The third measure ensures continues the implementation of the simplified imputation system. It covers anti-avoidance rules in relation to exempt entities that are eligible for a refund of imputation credits; and consequential amendments to replace references to the previous imputation system with references to the new system and to update the terminology for the new system.
Schedule 4 to this bill adds several institutions and funds to the list of specifically-listed deductible gift recipients in the income tax law, including certain fire and emergency services bodies. It also creates a new general category of deductible gift recipient for government schools that provide special education for students with a permanent disability.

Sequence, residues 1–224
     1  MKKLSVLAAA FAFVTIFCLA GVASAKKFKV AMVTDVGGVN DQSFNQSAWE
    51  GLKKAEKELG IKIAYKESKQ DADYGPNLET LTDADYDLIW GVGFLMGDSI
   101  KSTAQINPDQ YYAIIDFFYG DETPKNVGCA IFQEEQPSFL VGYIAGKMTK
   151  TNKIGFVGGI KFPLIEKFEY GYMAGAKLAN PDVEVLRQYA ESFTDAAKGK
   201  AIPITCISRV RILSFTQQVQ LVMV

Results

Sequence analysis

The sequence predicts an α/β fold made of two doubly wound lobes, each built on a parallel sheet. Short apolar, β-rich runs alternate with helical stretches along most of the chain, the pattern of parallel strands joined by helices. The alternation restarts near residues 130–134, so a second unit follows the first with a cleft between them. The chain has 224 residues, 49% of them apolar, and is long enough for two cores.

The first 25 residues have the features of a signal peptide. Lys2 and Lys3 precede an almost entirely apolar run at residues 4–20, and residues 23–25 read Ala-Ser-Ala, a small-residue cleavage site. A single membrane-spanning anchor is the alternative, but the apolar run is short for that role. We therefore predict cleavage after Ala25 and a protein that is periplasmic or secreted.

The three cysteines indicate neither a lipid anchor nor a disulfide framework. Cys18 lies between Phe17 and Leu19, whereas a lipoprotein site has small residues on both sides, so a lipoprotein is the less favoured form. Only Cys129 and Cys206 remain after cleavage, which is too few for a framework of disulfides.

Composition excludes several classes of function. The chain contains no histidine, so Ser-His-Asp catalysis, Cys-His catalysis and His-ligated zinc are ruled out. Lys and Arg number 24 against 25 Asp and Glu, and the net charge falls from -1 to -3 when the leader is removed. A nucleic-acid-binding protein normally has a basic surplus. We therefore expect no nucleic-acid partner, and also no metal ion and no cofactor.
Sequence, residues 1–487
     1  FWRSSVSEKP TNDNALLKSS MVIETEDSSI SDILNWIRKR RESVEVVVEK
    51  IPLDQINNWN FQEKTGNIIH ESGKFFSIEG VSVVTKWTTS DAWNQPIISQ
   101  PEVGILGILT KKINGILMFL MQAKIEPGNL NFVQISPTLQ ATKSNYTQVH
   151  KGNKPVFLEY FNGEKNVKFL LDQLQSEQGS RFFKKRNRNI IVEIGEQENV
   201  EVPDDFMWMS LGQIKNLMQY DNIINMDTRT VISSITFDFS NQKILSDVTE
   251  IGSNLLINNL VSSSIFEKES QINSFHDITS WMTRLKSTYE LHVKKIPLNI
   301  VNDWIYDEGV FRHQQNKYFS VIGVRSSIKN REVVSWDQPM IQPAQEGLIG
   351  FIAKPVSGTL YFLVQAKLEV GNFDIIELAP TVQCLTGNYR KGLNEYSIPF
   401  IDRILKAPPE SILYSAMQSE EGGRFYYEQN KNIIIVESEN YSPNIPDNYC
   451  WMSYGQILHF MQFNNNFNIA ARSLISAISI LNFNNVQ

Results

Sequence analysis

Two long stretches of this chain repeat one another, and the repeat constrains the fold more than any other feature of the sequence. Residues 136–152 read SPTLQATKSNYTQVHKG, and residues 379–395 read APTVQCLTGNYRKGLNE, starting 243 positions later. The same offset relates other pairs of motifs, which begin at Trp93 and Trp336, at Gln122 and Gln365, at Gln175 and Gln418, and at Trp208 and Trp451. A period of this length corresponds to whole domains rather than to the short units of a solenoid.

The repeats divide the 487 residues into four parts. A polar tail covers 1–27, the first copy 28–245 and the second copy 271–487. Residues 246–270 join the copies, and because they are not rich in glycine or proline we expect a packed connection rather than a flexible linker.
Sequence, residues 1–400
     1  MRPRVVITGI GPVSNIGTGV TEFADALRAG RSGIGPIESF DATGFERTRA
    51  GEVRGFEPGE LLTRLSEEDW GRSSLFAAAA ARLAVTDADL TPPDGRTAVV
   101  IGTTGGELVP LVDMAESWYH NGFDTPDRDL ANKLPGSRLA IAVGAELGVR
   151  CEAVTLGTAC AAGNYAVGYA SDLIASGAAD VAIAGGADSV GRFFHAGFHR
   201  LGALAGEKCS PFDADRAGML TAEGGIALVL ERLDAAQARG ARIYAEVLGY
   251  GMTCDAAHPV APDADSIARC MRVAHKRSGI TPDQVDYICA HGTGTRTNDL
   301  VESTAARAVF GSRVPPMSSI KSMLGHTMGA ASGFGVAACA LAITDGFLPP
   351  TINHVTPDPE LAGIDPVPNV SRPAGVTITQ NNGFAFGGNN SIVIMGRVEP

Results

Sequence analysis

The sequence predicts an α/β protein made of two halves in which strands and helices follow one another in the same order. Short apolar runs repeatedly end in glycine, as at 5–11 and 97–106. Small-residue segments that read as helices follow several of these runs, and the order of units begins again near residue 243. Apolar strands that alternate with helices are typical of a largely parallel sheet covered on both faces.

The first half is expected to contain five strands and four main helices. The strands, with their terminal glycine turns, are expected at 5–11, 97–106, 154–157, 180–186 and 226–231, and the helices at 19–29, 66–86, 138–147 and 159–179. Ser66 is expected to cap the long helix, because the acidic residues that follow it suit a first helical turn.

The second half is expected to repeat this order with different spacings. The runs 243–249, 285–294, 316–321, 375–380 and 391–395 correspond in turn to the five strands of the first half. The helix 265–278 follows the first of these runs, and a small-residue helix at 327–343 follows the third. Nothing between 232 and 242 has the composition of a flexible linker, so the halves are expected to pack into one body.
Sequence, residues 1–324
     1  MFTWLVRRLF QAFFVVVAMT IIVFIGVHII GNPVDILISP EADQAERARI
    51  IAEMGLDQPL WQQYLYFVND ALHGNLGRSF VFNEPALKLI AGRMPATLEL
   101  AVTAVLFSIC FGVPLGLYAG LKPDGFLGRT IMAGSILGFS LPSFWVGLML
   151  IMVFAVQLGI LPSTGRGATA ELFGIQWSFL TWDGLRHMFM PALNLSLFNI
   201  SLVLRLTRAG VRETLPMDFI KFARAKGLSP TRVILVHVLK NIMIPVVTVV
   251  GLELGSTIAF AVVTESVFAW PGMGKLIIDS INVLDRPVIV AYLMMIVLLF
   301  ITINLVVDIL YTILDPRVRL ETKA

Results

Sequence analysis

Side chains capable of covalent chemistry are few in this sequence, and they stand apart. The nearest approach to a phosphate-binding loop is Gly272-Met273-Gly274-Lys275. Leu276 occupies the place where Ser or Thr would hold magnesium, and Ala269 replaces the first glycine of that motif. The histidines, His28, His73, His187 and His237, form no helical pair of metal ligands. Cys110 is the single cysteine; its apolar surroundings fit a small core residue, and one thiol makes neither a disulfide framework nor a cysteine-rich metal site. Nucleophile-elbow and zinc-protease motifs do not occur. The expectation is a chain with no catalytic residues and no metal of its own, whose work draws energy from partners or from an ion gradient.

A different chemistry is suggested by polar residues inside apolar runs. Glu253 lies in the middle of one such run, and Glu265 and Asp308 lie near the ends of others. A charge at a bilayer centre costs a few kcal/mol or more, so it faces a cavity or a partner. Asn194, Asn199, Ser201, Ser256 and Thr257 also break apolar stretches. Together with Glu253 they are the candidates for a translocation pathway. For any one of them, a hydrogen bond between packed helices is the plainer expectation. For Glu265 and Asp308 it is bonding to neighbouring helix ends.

The fifth measure will extend the existing transitional rules in the debt/equity rules for at-call loans to 30 June 2005. This will mean that an at-call loan made to a company by a related party before 30 June 2005 (typically a loan by a small business owner to the business) will be treated as being on revenue account. The measure will give businesses more time to assess existing loans and adjust their arrangements if need be.
Schedule 6 extends the water facilities and landcare tax concessions, currently available to primary producers and some rural businesses, to irrigators and rural water providers. As a result of these amendments, irrigators will be able to claim deductions for capital expenditure on water facilities over three years, and rural water providers will be eligible for immediate deductions on landcare operations. The measure will assist irrigators to renew water supply infrastructure and enhance the efficiency of water delivery to primary producers and other users.